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Rails: Query Object Pattern Implementation

kputra profile image K Putra Updated on ・4 min read

If you continue to read this article, I assume that you know Ruby, OOP in Ruby, RoR, Active Record, and a little bit Ruby Metaprogramming.

What is Query Object Pattern?

Query Objects are classes specifically responsible for handling complex SQL queries, usually with data aggregation and filtering methods, that can be applied to your database.

source: this article

In this article, we won't create separate class, but we create a module that can be reusable for all models.

Let's start our journey! (I use Rails API-only as example, but this article can be implemented in normal Rails as well)

Table of Contents:
1. Beginning
2. Using scope in model
3. Add metaprogramming
4. Endgame - skinny controller
5. The hidden cost
6. Final thoughts

1. Beginning

Let say we have these kind of controllers:

# app/controllers/users_controller.rb
class UsersController < ApplicationController
  def index
    users = User.where(nil)
    users = users.where(role: params[:role]) if params[:role]
    users = users.where(status: params[:status]) if params[:status]
    users = users.where(public_id: params[:public]) if params[:public]
    render json: users, status: 200
  end
end

# app/controllers/companies_controller.rb
class CompaniesController < ApplicationController
  def index
    companies = Company.where(nil)
    companies = companies.where("name like ?", "#{params[:name]}%") if params[:name]
    companies = companies.where(tax_id: params[:tax]) if params[:tax]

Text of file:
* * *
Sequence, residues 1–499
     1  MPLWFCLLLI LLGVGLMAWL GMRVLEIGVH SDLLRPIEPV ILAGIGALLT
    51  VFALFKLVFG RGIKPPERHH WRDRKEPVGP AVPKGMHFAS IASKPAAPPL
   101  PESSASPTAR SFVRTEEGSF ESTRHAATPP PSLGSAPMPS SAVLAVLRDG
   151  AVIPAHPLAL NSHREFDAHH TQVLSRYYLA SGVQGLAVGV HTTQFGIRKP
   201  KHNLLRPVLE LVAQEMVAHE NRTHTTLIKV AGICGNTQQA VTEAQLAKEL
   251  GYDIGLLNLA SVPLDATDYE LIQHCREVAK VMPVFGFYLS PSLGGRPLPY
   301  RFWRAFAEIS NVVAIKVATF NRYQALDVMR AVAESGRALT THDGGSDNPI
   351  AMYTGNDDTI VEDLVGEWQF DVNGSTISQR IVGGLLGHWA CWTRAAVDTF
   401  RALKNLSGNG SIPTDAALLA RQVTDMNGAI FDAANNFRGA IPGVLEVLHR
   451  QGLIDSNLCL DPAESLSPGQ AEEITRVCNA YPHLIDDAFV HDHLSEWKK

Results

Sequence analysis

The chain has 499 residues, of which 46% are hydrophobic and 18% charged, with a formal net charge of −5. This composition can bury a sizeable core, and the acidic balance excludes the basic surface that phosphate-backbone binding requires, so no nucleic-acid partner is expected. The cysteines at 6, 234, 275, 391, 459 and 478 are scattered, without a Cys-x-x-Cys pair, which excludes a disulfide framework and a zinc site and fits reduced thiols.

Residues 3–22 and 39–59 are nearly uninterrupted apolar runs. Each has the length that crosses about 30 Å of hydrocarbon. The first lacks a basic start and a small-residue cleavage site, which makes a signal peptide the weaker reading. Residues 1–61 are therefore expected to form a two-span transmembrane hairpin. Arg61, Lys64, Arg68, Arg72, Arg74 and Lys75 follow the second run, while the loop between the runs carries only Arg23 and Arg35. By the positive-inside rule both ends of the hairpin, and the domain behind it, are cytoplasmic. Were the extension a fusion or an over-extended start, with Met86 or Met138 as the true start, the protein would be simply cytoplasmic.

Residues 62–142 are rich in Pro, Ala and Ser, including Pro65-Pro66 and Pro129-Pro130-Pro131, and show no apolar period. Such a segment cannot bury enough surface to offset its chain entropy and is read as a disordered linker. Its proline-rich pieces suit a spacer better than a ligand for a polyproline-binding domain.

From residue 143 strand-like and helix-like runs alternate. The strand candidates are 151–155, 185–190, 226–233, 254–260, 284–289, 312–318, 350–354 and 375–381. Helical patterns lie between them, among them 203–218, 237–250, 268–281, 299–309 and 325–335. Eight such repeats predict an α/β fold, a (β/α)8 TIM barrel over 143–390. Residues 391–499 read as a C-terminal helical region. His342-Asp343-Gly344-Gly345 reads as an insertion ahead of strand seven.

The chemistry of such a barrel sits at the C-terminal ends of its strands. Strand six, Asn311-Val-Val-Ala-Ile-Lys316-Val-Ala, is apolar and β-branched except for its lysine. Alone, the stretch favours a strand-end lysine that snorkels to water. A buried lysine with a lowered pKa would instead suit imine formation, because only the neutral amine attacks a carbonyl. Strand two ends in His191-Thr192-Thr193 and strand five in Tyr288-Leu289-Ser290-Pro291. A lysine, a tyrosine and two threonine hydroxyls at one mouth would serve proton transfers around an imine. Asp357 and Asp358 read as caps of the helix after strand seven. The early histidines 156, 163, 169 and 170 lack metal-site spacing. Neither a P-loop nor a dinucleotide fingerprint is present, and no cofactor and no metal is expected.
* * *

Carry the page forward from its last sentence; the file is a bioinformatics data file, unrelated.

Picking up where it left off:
render json: companies, status: 200
  end
end

Not so good, eh. Let's use scope in our models.

2. Using scope in model

Now we implement scope in User model and Company model. What is scope? And how we use it? You can start with this official guide of rails.

Let's add scope in our models, and we will update our controllers too!

# app/models/user.rb
class User < ApplicationRecord
  scope :role,   -> (role) { where(role: role) }
  scope :status, -> (status) { where(status: status) }
  scope :public, -> (public_id) { where(public_id: public_id) }
end

# app/models/company.rb
class Company < ApplicationRecord
  scope :name, -> (name) { where("name like ?", "#{name}%") }
  scope :tax,  -> (tax_id) { where(tax_id: tax_id) }
end

# app/controllers/users_controller.rb
class UsersController < ApplicationController
  def index
    users = User.where(nil)
    users = users.role(params[:role]) if params[:role]
    users = users.status(params[:status]) if params[:status]
    users = users.public(params[:public]) if params[:public]
    render json: users, status: 200
  end
end

# app/controllers/companies_controller.rb
class CompaniesController < ApplicationController
  def index
    companies = Company.where(nil)
    companies = companies.name(params[:name]) if params[:name]
    companies = companies.tax(params[:tax]) if params[:tax]
    render json: companies, status: 200
  end
end

Well, our controllers is a bit more beautiful. But, they aren't satisfying enough.

3. Add metaprogramming

If you don't know about Ruby Metaprogramming, you can start with my article about Ruby Metaprogramming. If you don't want to read the full article, just read chapter #3.